Category Archives: Low budget movies of the week

Really Awful Movies: Ep 252 – Unhinged



On this week’s episode of the Really Awful Movies Podcast, a look at the Oregon regional horror, Unhinged.

Undoubtedly one of the more obscure films to end up on the Video Nasties list, Unhinged (1982) is a really solid, very low-budget effort from the Pacific Northwest.

Three college co-eds are on a road trip through the back country, when a dispatch comes on the radio about…traffic problems ahead, and offering a detailed alternate route as a time saver. Just kidding. It’s an announcement about, what else? An escaped lunatic. If you don’t love that right off the bat, you have no heart.

A sudden downpour occurs, and the girls’ little vehicle spins into a ditch (rather unconvincingly, it should be said, but hey…what do you want for $100K?). They awake, and are being tended two by a spinster Olive Oyl-like figure, her domineering mother, and a caretaker with a ridiculous mustache.

So..will the girls be held in the remote mansion against their will, tormented by this creep-triumvirate? Will they be tied to the bed like Procrustes did his victims? Will there be some kind of Stephen King Misery set-up? Are you tired of an endless barrage of rhetorical questions?

Unhinged is not your typical slasher film. There’s a lot more here than meets the Fulci eye (while not Italian, there are definitely some nods to that neck of the woods in these neck of the woods).

Despite some akimbo acting, and some pacing issues, this is a film that’s not only oddly compelling, but also weirdly endearing. There are only a few scenes that would indicate this would be Video Nasty-bound, but overall it’s fairly tame and lets the story do the talking.

With a fabulous synth soundtrack and a very memorable Barbara Bush-styled matriarch, you need to check out Unhinged (and please go and subscribe to the Really Awful Movies Podcast, where we tackle genre films of all stripes).

 

 


Really Awful Movies: Ep 248 – The Tingler



Part artist, part huckster, William Castle is a name a lot of people know in the horror world. He produced Rosemary’s Baby (and would’ve directed too, were it not for health issues) but he’s best known for the gimmicks he deployed to promote the living heck out of his movies.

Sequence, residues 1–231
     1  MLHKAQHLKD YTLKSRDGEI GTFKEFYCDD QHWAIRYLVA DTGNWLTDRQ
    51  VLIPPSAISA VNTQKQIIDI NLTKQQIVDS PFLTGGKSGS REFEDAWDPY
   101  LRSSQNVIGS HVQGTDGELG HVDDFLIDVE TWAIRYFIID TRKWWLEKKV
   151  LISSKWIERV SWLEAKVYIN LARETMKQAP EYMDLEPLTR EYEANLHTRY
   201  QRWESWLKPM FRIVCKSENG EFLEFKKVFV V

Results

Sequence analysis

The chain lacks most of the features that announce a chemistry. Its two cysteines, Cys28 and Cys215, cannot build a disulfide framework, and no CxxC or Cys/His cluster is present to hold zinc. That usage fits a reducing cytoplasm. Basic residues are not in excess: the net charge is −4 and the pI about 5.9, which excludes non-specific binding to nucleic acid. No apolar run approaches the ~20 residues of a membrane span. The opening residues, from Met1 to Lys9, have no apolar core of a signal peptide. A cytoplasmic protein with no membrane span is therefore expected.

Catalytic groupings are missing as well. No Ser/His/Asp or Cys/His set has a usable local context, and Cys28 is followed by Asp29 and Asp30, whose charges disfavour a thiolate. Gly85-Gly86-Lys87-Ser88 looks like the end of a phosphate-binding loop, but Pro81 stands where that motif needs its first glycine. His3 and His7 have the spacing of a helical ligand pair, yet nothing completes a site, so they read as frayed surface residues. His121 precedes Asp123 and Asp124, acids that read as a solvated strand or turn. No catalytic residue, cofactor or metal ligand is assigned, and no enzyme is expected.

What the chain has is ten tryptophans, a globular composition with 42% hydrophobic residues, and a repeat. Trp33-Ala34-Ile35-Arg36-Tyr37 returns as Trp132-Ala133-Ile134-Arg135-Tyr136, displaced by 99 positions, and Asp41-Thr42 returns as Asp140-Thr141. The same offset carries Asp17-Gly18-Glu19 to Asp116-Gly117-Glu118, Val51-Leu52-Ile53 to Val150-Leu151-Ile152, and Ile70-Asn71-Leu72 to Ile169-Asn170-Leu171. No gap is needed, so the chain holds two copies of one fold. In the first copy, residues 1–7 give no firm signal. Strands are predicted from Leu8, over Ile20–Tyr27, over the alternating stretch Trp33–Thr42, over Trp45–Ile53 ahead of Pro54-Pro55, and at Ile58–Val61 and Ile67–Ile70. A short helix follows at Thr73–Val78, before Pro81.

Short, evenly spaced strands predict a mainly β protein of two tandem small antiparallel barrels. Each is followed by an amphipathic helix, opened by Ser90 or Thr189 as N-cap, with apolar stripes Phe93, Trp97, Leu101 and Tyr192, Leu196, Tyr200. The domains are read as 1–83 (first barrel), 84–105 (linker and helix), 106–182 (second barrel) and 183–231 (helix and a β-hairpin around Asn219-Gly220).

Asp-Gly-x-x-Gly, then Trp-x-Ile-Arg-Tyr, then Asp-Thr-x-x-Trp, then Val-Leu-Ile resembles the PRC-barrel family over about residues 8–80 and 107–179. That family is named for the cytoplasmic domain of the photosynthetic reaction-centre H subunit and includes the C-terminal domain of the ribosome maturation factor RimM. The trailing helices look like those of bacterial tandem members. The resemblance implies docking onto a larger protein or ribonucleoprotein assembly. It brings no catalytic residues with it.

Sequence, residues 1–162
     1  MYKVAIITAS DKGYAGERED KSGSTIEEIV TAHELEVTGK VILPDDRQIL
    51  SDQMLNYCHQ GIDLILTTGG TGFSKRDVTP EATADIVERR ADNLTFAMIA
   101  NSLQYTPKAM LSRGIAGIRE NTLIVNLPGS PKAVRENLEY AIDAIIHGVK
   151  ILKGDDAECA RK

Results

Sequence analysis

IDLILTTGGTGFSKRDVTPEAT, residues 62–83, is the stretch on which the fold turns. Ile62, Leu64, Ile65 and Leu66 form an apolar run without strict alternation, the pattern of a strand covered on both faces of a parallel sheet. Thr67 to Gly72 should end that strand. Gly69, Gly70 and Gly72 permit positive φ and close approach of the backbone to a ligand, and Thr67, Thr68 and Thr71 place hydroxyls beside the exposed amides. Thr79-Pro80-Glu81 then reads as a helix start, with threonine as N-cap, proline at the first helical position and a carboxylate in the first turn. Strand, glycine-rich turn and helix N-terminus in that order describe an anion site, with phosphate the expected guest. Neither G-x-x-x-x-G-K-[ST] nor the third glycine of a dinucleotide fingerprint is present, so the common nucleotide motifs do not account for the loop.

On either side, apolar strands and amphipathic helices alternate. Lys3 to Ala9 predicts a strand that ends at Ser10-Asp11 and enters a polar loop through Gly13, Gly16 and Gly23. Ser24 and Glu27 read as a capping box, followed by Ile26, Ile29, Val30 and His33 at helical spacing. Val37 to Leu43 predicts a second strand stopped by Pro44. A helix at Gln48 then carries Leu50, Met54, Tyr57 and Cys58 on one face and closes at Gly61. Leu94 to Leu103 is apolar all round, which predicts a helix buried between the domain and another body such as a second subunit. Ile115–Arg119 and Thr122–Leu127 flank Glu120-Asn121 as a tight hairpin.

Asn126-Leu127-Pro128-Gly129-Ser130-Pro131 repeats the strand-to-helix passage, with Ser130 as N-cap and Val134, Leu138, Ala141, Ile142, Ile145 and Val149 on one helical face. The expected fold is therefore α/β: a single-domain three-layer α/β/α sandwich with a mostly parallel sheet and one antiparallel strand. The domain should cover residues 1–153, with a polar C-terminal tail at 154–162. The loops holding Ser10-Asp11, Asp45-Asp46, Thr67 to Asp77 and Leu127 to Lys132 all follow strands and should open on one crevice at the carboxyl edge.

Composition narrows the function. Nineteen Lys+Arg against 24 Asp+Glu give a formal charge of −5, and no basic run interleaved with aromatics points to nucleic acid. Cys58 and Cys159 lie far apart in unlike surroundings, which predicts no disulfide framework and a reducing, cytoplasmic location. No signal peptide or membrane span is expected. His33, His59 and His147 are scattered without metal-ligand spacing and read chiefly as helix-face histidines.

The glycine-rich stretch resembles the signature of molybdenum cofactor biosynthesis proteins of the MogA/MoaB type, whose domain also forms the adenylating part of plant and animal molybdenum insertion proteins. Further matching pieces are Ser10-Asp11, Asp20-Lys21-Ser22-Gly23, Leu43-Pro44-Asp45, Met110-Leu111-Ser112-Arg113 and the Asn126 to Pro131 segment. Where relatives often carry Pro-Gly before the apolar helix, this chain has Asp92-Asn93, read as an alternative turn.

The Tingler, starring the legendary Vincent Price (check out our interview with his daughter, Victoria Price) is one such movie. Castle used “percepto” technology, a buzzer installed beneath some theater seats that literally shocked members of the audience!

The cost of this equipment added $250,000 to the film’s budget, which was negligible by comparison. Percepto was used sparingly and in predominantly larger theaters for logistical reasons.

The premise is delicious: Price stars as Dr. Chapin, a prison coroner responsible for doing autopsies on prisoners on death row (this seems like a waste of time and money, but that’s neither here nor there). A side of interest of his: how humans experience fear. He and a lab assistant speculate that there’s a structure on the spinal cord that is associated with fear responses (hence, “spine-tingling” fear).

Dr. Chapin uses his wife as an unwitting participant, scaring her with a starter pistol and doing an examination on her spine.

The Tingler is a fun movie, a corny monster movie / creature feature from the 1950s. And there’s the bonus of Castle himself introducing the film, and warning of the terrors to come. Hilarious!

On this episode of the Podcast:

  • How do we experience fear?
  • What is fear?
  • Are there different things people fear and how does horror exploit this?
  • We talk about hypochondriacs
  • We talk about death-defying experiences
  • We talk about the legacy of William Castle and who modern day exemplars are
  • Castle’s use of prop ghosts and audience shills
  • And finally, we discuss the lasting impact of the incredible icon of horror, the one and only Vincent Price